All kids react differently but they are able to follow different rules for different places. If you have truelly tried everything to help him adjust to the situation then you really have no other choice but tell his grandparents he can't come back. He is hurting other children. But sometimes kids with behavioral issues need a major structure in their life. Rules posted clearly and a set scheduale when he is with you. If you are already doing this then your place may not be the the best place for him.
But just as a suggestion look up Opposisional Defince Disorder my daughter has this and she will lash out when she isn't provoked. But If I have learned anything things cannot change in her daily scheduale or it throws her completely out of whack for about three monthes. But it does sound like this exactly what is going on with him. I can be managed but it takes some research to do it. The decision is up to you.

Erica - posted on 04/26/2011




Do you have a pamphlet? Do you have the parents sign any paper that you made up with rules and termination if violated? The children are probably acting out because of the situation. Figure out what they like to do for fun and incorporate it into your daily activities including all the children and see how that goes. Good luck!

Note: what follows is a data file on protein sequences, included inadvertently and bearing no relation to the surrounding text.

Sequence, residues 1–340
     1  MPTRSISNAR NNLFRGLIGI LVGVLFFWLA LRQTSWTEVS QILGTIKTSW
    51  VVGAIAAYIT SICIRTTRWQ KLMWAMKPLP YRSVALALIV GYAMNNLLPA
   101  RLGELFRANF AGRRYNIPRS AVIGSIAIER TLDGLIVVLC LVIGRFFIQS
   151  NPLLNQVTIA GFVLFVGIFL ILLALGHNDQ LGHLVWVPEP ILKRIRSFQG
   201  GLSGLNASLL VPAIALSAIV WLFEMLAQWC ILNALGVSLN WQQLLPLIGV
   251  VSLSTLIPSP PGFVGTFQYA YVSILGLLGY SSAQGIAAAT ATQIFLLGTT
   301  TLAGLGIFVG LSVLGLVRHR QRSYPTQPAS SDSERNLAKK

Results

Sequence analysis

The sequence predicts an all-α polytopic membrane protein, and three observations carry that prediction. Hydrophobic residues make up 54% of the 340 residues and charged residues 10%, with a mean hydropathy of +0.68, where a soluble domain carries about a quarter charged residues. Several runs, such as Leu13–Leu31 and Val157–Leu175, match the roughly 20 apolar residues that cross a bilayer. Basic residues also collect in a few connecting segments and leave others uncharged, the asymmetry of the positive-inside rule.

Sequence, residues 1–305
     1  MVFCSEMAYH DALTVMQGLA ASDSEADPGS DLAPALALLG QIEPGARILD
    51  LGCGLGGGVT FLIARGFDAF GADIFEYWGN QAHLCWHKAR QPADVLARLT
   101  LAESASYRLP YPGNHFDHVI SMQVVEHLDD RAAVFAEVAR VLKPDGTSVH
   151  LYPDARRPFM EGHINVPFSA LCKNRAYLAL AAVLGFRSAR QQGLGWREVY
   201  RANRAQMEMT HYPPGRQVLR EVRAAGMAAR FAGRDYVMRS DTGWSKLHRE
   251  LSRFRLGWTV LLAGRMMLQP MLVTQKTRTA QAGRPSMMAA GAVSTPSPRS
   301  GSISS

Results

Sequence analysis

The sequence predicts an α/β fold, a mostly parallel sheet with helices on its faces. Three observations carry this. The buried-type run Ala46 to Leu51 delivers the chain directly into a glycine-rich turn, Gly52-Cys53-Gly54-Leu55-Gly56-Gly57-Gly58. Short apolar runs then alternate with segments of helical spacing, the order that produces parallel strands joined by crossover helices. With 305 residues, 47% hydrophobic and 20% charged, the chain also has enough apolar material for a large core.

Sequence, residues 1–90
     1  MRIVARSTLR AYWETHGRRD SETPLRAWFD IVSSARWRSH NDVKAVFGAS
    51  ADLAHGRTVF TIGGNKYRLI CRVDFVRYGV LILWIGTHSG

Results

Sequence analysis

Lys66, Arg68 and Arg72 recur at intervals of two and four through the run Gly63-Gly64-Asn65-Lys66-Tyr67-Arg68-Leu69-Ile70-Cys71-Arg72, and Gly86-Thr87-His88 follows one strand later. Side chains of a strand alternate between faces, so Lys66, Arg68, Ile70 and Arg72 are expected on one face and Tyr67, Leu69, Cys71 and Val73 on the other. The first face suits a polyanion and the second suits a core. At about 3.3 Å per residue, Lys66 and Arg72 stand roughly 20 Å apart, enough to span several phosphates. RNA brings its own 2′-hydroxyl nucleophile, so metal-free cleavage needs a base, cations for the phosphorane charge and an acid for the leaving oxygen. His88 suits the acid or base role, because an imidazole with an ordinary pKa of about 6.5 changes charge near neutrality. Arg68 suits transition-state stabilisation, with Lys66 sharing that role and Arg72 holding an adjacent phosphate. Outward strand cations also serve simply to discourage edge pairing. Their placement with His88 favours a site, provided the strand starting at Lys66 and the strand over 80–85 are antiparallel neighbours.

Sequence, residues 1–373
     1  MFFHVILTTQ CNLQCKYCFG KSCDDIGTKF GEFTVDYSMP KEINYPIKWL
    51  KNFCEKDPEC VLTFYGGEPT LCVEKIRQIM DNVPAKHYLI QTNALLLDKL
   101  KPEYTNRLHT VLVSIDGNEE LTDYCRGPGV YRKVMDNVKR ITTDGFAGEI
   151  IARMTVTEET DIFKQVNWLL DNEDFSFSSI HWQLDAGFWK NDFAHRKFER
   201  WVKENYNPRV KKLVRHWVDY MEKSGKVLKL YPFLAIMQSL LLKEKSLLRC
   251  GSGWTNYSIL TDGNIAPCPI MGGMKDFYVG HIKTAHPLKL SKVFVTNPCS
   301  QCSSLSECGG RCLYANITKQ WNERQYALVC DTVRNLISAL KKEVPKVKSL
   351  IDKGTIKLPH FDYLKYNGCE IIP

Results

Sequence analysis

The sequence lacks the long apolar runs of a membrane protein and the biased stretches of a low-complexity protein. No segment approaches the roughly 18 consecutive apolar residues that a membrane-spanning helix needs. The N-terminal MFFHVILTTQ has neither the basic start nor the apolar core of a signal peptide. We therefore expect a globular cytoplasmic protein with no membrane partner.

Donna - posted on 04/26/2011




i totally agree. the kids a menace, and you've tried everything you believe in yur power, it might be time to not allow him back there.

Mel - posted on 04/26/2011




ahh seems to be a common thing with grand parents. My hubby left a christmas party of my mothers last year with extreme hate for a 3 yr old who sounds much like the child your describing. Grand parents tend to let kids run a muck. I dont really have much advice for you though but I hope you sort it out. Sounds like you have your work cut out for you

Bonnie - posted on 04/26/2011




Hmm if anything, usually kids are better listening to someone who is not a family member. If you telling him no does not work, I would definitely have a talk with the grandparents. Your children don't need to be put in jeopardy because of him and the other daycare kids don't need it either. It's got to stop or perhaps the other daycare kids parents will find out eventually and possibly say they can't come there anymore.

Noreen - posted on 04/25/2011




I agree with Teresa but would also like to add: The instant you seem him attack, get to his level and look him in the eyes and say, "Hitting is NOT ok. When you hit, you hurt So and So. You need to apologize immediatly." after his timeout if finished, you can then have a heart to heart with him by asking him why he hit, how it made him feel when he hit (or whatever he did) and explain that he really hurt that person and that person's feeling when he attacked.